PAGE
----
Frozen Evaporator Coils Causing Problems? Use These Trouble shooting Tips.
Frozen evaporator coils might sound like a good thing. After all,the evaporator coil is the component responsible for extracting heat fromindoor air, so the colder the better, right? Wrong. While an evaporator coilshould be frigid, it should never be freezing. Frozen evaporator coils coatedwith ice can cause an assortment of air conditioner & refrigeration problems ranging from annoyance to majorcomponent damage. And the fact that the coils are cold enough to produce ice isitself a symptom of dysfunction somewhere in the system.
How It Works?
Here’s the short versionof how an evaporator coil functions. Refrigerant vapor flowing through the coilat about 40 degrees has very high heat-absorbing properties. As the systemblower fan pulls warm indoor air through the coil, heat energy is extracted fromthe air and transferred into the refrigerant flow. At the same time, watervapor is continuously condensing out of the air and dripping down into thecondensate drain pan. The refrigerant flows to the condenser coil in theoutdoor half of the system, where the heat is released into outside air.Meanwhile, what’s left behind indoors is cooled air dispersed through the ductwork.
What Can Go Wrong?
Ice forms on anevaporator coil when the coil temperature drops below 32 degrees. This causescondensation removed from the air to freeze on the coil. As layers of ice buildup, airflow through the coil begins to be restricted. Eventually, a frozen coilwill severely obstruct system airflow. Irreversible damage to expensive componentslike the compressor or blower fan may occur as the strangled system runsnonstop without reaching the thermostat setting.
Unless the problem isnoted, a safety overload switch may shut the system down entirely or a majorcomponent may fail. Meanwhile, ice formation on the coil may grow to a sizethat causes water damage when it rapidly melts after the system shuts down.
Why Frozen Evaporator Coils Happen
Low airflow: If the air volumepassing through the coil is below system specifications, insufficient heatenergy is transferred into the refrigerant flow. This causes the refrigeranttemperature to plunge below freezing and triggers ice formation on the coil.The most common cause of insufficient system airflow is usually a very dirty orclogged air filter. Change thefilter and see if that resolves the icing problem.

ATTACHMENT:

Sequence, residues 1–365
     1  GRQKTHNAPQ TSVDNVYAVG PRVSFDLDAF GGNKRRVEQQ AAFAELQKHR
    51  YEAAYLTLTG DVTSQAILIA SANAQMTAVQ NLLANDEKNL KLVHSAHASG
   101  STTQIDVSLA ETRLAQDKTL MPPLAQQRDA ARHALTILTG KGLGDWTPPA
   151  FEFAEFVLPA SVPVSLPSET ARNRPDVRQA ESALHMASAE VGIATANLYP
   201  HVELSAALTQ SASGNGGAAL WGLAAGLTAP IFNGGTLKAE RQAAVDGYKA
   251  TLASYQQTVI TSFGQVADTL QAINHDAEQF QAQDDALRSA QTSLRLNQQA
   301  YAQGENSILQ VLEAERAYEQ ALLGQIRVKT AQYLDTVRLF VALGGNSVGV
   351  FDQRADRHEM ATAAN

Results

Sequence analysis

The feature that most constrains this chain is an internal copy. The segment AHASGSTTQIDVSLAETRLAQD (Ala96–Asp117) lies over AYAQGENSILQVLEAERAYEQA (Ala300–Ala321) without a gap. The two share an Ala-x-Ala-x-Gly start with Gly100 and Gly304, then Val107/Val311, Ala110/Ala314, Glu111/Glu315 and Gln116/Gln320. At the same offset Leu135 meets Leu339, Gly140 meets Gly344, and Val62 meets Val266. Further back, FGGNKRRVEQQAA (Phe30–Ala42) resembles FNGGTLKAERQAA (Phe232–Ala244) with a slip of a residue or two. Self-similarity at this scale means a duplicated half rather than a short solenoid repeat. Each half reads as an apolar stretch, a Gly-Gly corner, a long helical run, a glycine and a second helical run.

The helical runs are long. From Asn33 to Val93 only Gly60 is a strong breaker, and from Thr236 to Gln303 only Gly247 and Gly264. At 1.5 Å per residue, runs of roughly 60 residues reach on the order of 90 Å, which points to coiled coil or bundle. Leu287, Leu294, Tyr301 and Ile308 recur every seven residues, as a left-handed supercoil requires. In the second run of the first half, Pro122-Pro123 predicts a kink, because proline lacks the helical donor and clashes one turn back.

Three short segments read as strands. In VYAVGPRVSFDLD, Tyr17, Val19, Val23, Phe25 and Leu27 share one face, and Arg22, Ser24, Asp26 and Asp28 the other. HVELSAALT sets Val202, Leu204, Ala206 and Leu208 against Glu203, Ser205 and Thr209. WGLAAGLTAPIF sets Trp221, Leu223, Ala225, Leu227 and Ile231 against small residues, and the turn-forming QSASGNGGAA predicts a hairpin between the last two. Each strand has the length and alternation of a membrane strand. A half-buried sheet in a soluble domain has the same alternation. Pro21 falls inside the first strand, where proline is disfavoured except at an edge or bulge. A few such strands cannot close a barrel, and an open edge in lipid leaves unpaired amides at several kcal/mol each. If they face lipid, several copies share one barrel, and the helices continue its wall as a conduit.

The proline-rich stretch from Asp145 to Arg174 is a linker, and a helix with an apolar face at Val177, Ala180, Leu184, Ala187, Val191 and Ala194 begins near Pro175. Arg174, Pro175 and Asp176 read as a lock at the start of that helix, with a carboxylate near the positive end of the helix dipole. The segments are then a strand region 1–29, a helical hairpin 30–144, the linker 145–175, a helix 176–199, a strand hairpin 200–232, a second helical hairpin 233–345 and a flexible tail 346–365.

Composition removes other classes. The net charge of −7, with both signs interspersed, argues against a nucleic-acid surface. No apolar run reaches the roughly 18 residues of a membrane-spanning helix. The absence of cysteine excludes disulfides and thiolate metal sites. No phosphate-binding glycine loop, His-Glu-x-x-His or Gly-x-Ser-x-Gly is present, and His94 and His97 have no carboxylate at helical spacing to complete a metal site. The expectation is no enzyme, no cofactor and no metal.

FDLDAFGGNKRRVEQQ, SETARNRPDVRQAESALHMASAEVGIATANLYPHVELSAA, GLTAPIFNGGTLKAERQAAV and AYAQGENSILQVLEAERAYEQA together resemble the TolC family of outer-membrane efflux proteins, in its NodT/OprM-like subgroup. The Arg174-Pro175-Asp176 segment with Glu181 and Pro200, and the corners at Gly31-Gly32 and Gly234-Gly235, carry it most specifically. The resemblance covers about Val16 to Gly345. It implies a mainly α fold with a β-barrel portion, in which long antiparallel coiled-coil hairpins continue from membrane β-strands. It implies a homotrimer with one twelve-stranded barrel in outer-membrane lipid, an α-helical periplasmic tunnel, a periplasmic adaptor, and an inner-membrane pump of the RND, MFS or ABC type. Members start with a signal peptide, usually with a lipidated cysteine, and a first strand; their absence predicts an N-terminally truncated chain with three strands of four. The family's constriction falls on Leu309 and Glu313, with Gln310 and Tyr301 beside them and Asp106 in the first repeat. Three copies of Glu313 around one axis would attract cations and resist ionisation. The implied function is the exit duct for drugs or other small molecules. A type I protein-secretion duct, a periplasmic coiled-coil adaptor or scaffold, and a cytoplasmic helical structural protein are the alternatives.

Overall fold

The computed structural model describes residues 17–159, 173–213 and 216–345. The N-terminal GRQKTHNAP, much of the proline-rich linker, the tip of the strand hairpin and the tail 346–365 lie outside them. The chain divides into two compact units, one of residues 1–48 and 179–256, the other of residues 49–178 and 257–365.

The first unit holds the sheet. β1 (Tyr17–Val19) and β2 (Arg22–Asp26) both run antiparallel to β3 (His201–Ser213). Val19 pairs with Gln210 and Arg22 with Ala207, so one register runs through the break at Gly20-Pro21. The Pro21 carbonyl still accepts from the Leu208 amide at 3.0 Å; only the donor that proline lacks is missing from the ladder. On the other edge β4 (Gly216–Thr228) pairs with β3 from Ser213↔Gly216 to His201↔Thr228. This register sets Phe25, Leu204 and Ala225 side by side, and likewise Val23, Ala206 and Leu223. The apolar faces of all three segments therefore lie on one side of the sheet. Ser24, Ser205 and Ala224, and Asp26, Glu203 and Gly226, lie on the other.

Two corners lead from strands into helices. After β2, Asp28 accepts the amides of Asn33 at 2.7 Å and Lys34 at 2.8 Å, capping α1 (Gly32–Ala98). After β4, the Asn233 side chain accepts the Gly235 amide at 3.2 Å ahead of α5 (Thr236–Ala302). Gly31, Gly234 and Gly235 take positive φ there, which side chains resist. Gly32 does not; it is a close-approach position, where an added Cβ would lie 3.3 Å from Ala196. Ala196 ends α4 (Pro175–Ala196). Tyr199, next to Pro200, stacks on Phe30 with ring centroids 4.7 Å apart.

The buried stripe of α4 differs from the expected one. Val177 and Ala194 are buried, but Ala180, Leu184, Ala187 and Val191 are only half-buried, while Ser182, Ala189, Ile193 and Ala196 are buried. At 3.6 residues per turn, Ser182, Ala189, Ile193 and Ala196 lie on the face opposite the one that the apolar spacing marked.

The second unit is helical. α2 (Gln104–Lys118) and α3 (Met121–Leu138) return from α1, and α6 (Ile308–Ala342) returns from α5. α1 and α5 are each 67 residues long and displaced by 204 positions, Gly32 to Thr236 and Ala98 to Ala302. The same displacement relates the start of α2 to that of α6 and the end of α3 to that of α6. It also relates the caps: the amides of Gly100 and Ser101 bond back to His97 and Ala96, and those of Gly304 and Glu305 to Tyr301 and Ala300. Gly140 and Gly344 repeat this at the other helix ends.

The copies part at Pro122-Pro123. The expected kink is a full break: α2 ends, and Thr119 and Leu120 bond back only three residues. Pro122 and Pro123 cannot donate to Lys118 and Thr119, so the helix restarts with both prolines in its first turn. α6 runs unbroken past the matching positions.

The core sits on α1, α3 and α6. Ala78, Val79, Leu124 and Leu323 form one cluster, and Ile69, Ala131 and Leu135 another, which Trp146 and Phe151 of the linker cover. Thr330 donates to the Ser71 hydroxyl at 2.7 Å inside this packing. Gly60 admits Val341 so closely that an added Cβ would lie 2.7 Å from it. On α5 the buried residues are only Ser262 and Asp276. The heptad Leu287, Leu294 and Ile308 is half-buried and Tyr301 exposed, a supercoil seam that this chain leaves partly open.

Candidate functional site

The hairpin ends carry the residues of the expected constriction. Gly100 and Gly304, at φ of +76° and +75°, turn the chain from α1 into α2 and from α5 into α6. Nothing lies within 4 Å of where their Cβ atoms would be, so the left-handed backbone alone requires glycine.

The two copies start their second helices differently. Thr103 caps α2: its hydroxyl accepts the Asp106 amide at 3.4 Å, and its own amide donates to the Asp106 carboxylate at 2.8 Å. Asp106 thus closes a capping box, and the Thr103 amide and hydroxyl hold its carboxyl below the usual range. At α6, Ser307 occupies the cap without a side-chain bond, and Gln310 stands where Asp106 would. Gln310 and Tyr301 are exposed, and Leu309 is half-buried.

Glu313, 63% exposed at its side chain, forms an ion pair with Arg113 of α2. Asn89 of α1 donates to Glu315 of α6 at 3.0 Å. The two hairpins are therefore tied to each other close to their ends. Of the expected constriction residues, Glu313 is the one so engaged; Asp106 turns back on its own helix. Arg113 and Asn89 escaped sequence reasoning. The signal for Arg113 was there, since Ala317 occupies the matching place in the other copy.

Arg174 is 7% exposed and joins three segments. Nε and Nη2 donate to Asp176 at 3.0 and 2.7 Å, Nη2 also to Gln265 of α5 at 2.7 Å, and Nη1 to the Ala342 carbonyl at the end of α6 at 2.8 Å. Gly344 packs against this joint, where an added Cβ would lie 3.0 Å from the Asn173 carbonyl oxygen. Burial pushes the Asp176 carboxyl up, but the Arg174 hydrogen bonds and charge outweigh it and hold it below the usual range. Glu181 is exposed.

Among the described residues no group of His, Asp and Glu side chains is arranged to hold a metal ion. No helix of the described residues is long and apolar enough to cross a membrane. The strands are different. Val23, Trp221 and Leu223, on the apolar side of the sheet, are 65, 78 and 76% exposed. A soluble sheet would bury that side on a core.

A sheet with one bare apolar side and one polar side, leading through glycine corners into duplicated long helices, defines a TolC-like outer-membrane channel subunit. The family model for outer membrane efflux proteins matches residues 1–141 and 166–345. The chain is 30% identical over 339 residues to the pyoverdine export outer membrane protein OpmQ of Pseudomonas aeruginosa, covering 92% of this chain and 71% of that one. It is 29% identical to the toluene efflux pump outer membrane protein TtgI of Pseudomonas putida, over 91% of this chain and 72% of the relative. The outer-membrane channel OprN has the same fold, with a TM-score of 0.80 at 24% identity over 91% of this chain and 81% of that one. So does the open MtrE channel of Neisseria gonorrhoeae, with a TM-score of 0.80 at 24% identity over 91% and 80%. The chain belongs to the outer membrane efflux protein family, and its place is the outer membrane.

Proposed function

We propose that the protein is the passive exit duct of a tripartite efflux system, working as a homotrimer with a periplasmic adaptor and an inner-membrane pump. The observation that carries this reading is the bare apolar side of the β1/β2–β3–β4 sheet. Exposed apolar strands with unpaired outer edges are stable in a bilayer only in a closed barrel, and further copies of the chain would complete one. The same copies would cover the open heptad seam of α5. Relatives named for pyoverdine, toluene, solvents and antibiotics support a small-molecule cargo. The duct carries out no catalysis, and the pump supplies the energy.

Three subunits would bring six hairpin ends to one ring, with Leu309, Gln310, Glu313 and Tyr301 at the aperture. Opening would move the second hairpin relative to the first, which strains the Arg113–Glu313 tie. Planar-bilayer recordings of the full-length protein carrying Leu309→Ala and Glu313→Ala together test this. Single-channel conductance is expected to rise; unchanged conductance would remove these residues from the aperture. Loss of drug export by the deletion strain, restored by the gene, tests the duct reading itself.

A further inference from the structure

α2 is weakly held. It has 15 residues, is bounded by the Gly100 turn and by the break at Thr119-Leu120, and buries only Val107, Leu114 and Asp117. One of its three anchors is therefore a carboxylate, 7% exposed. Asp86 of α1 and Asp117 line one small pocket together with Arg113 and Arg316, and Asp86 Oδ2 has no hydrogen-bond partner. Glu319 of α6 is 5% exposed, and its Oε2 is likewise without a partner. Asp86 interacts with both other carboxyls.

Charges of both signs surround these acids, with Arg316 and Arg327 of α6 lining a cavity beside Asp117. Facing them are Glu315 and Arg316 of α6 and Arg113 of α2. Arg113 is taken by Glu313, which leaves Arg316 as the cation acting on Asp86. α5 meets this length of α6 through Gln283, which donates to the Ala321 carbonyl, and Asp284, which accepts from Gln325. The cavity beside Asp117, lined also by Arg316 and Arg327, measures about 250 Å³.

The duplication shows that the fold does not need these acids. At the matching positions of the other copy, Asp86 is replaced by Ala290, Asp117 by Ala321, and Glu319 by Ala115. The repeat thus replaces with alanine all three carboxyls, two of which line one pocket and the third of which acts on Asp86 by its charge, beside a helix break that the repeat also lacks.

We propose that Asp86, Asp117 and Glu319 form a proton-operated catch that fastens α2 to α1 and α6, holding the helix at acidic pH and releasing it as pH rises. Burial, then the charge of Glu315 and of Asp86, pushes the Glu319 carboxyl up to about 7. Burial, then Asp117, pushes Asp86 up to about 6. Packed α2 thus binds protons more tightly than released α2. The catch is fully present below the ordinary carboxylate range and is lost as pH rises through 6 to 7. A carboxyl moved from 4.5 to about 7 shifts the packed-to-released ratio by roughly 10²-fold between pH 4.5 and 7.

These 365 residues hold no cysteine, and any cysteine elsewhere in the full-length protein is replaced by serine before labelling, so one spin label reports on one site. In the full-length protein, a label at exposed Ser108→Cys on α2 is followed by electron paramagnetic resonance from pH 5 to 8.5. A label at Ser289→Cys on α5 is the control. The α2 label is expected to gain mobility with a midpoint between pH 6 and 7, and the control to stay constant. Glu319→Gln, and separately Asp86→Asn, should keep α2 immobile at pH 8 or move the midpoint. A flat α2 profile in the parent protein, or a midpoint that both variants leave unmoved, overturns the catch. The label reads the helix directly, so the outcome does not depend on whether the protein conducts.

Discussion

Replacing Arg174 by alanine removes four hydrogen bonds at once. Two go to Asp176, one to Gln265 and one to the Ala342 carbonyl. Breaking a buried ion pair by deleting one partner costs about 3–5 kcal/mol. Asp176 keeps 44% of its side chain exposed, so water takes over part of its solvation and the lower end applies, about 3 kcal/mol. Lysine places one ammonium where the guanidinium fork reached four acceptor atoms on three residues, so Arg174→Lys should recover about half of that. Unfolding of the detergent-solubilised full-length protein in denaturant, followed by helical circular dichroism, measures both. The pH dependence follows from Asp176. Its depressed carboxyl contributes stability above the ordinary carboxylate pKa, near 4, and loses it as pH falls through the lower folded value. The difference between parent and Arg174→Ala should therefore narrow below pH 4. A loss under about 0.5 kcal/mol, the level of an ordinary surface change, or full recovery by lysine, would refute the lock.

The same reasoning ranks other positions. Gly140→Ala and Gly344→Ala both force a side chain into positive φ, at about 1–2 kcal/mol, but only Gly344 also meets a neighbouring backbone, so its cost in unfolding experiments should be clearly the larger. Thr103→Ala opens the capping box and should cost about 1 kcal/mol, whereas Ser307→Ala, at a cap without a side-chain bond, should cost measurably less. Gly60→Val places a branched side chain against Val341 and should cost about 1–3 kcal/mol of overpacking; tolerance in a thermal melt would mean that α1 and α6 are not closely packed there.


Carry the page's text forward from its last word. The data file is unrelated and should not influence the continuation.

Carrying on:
Another cause of low airflow that you can check yourself areblocked air return vents in individual rooms. A failing blower motor may alsodecrease airflow below specs and cause frozen evaporator coils. A qualifiedHVAC technician can check the blower performance to isolate this problem.
Low refrigerant charge: When there’s not enoughrefrigerant circulating through the system, coil temperatures drop below 32degrees and ice forms. At proper refrigerant pressure, the temperature of therefrigerant stays around 40 degrees. However, when the level in the system islow and refrigerant pressure declines, the refrigerant temperature drops belowfreezing and condensation on coil surfaces turns to ice.
Air conditioners don’t use up refrigerant. If the refrigerant chargeis low, it’s nearly always the consequence of a leak somewhere in the system.Pinpointing and repairing the leak requires the expertise and special leakdetection equipment of a trained HVAC service tech.
Dirty coil: Dirt or dust accumulation on coil surfacesinterferes with proper heat transfer out of the air. Just as with low airflowissues, when insufficient heat transfers into the refrigerant, the temperatureof the refrigerant drops below freezing and ice formation results. Mostevaporator coils are sealed inside the air handler andaren’t easily accessible for DIY cleaning. However, evaporator coil inspectionand cleaning are part of an annual A/C tuneup servicefrom your local HVAC contractor. This keeps the coil clean and prevents frozenevaporator coils. Annual tuneups are also critical to sustain system energyefficiency, optimum performance and maximum service life.